Water, sanitation and hygiene

We work with government and partners to ensure that every child in India has access to clean water, basic toilets and practices good hygiene behaviors.

A girl cups her hands under a tap and drinks clean water
UNICEF/UN0274895/Panjwani

Strengthening sustainable WASH programming

India has made rapid progress in ending open defecation across the Country which is having a huge impact on improving water, sanitation and hygeine (WASH). Just a few years ago, in 2015, nearly half of India’s population of around 568 million people suffered the indignity of defecating in fields, forests, bodies of water, or other public spaces due to lack of access to toilets. India alone accounted for 90 per cent of the people in South Asia and half of the 1.2 billion people in the world that defecated in the open.

By 2019, according to the latest estimates, the number of people without access to toilets has reduced significantly by an estimated 450 million people. A tremendous achievement, only possible because of the Swacch Bharat Mission (SBM) (Clean India Campaign), led by the Prime Minister. UNICEF has been a proud partner of the Swacch Bharat Mission. 

Going forward, it is important to ensure that there is sustained usage of toilets by, all at all time.

Whether in the cities or the countryside, open defecation has historically been most prevalent among the poorest citizens.

This practice amounted to tonnes of faeces introduced daily into the environment, which regularly exposed India’s children to excrement through direct contact. The risk of spreading diarrheal and waterborne diseases is compounded by the lack of regular handwashing and microbial contamination of water in their homes and communities. The situation contributed to nearly 100,000 diarrhoeal deaths of children under five years in India.

Poor sanitation can also have a ripple effect when it hinders national development because workers are suffering from illnesses and living shorter lives, thereby producing and earning less, and unable to afford education and stable futures for their children.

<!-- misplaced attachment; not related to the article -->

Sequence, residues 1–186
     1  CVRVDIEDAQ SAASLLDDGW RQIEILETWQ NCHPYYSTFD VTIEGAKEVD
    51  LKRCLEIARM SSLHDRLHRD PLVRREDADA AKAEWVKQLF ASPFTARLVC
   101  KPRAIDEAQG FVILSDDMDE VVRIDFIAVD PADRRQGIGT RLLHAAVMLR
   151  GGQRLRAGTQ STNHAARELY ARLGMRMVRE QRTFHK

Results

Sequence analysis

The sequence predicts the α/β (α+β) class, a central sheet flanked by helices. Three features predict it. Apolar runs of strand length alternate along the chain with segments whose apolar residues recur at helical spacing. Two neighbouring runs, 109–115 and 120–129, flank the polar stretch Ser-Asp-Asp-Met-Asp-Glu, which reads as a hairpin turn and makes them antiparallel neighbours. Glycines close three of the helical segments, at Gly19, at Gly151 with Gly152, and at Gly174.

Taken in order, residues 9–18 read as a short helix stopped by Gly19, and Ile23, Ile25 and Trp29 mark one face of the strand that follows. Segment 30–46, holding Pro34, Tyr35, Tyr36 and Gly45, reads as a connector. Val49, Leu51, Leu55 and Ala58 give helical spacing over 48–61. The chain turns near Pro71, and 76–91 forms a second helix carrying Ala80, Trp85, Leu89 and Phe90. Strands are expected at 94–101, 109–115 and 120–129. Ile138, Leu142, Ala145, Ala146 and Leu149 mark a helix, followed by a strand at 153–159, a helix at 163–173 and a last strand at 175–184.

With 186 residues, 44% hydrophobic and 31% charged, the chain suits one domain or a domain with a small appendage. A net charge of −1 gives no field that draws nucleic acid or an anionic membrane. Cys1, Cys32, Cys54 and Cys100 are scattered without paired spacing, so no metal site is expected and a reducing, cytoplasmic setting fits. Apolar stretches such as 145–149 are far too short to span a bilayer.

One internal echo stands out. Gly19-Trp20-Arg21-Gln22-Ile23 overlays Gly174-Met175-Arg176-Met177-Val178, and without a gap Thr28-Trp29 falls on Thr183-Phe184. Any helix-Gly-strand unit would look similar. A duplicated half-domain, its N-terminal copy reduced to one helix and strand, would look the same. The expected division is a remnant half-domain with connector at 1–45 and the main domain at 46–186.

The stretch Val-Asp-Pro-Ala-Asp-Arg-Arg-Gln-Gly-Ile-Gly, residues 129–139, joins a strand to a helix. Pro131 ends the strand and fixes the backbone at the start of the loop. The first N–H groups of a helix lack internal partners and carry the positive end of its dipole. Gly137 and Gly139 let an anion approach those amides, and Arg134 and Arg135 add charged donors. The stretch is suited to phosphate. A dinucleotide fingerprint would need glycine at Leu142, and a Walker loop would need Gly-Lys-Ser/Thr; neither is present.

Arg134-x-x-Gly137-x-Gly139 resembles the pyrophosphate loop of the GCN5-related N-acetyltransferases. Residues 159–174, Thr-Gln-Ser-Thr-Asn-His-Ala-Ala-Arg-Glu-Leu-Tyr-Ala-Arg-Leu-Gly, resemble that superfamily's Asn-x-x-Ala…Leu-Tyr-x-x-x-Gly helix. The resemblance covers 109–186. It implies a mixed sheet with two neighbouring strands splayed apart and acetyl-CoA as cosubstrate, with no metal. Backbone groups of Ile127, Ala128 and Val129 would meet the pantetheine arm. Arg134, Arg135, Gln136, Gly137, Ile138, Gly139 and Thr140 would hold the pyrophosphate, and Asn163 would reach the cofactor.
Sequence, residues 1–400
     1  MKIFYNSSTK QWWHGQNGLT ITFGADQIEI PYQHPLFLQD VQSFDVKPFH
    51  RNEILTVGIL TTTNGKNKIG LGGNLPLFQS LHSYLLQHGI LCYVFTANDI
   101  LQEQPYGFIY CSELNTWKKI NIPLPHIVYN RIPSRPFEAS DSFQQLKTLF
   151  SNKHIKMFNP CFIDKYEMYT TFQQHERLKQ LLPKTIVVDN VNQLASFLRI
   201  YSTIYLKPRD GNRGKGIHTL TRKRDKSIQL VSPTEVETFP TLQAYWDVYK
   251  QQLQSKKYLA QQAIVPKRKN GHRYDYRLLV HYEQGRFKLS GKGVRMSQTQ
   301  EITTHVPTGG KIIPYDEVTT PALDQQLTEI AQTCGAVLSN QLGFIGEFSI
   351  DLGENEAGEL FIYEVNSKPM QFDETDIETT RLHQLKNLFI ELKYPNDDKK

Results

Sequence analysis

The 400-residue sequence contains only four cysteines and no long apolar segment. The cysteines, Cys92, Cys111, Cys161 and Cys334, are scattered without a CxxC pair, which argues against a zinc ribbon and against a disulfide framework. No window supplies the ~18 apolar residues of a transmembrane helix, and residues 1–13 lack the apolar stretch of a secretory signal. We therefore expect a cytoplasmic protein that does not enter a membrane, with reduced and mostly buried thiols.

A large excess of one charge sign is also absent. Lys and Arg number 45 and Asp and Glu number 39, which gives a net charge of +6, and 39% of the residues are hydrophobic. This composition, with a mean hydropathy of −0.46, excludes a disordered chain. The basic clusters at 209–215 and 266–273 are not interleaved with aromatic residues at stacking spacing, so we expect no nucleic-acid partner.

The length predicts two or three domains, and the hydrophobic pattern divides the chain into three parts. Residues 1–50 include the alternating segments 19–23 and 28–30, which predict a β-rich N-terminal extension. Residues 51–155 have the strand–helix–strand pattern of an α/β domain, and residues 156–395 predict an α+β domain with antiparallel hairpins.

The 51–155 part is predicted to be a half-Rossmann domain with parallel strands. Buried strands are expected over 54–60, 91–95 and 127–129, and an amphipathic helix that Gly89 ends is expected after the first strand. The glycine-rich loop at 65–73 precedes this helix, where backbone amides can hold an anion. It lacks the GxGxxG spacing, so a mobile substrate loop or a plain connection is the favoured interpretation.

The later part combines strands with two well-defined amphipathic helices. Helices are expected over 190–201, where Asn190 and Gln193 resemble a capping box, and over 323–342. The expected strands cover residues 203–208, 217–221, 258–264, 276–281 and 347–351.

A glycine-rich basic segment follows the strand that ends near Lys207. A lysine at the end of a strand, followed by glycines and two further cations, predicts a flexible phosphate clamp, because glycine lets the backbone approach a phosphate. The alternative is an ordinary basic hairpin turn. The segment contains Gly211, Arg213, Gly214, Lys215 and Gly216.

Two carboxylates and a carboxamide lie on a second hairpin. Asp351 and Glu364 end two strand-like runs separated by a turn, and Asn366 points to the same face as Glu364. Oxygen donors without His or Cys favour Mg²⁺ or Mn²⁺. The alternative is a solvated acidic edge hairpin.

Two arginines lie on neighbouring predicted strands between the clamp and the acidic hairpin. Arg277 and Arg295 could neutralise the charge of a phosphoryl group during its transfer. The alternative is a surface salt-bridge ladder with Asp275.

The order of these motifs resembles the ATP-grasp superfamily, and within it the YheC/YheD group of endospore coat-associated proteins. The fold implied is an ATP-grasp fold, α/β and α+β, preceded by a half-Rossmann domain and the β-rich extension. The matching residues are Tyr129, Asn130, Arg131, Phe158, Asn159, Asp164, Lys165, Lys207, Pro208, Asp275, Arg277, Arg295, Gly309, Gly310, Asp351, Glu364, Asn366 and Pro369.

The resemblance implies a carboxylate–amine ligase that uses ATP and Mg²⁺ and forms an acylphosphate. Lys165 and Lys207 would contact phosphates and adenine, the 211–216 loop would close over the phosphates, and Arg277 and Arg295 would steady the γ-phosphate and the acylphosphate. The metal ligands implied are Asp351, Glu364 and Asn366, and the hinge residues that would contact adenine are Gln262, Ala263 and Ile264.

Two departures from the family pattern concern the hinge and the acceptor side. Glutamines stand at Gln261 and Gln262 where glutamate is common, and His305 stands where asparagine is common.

Inadequate water, sanitation and hygiene (WASH) services in India’s health facilities, contributes to the high neonatal mortality rate, which is currently 24 deaths per 1000 live births. Sepsis – mostly spread in health facilities – contributes to 15 per cent of the overall neonatal mortality and 11 per cent of maternal deaths. And the risks do not end there when they are brought home to a community that lacks toilets.

(Source: Lancet report 2014)

In India’s schools, recent reports also showed that 22 per cent did not have appropriate toilets for girls, 58 per cent of preschools had no toilet at all and 56 per cent of preschools had no water on the premises.

(Source: Rapid survey on children 2013-14)

Less than 50 per cent of the population has access to safely managed drinking water (located on premises, available when needed and free of contamination). Chemical contamination of water, mainly through fluoride and arsenic, is present in 1.96 million dwellings.  Moreover, two-thirds of India’s 718 districts are affected by extreme water depletion, and the current lack of planning for water safety and security is a major concern.

India has made rapid progress in ending open defecation across the Country. The number of people defecating in open in India has reduced significantly by an estimated 450 million people. However, we all need to ensure sustained use of toilets and hygiene practices by all, at all times.

The solution

Collaboration and convergence are a key feature of our India Country Programme where WASH is positioned as a cross-cutting support contributing towards results in all aspects of a child’s survival, growth and development, notably to prevent malnutrition and preventable diseases, to reduce neonatal mortality, and to improve education outcomes.

We support the Government of India’s flagship programmes, which include the Swachh Bharat Mission, the National Rural Drinking Water Programme (NRDWP), WASH in Schools (including preschools called ‘anganwadis’), WASH in health facilities, and district-wide WASH interventions supporting planning and implementation and incorporating behaviour change into state and national guidelines and costed plans.                                     

Pooja Namdev fetches drinking water supplied by the 900W solar panel which fills up a 5000L tank for 27 families in Kalajahi Thakar Vasti in Kanesar village, Khed, Pune.
UNICEF/UN0278901/Katragadda
Pooja Namdev fetches drinking water supplied by the 900W solar panel which fills up a 5000L tank for 27 families in Kalajahi Thakar Vasti in Kanesar village, Khed, Pune.

To support states and districts that are lagging, UNICEF works in 16 states and 192 districts and supports government technically, assists alternative service delivery approaches, and mobilizes public institutions and partners, including the private sector around WASH services. We have started expanding our programme from rural areas to urban areas, where the urban poor are often left out of the sanitation equation.

UNICEF also supports monitoring and evaluation including conducting third-party verification and spot checks to help authenticate the real-time monitoring and information dashboard hosted by the Ministry Jal Shakti.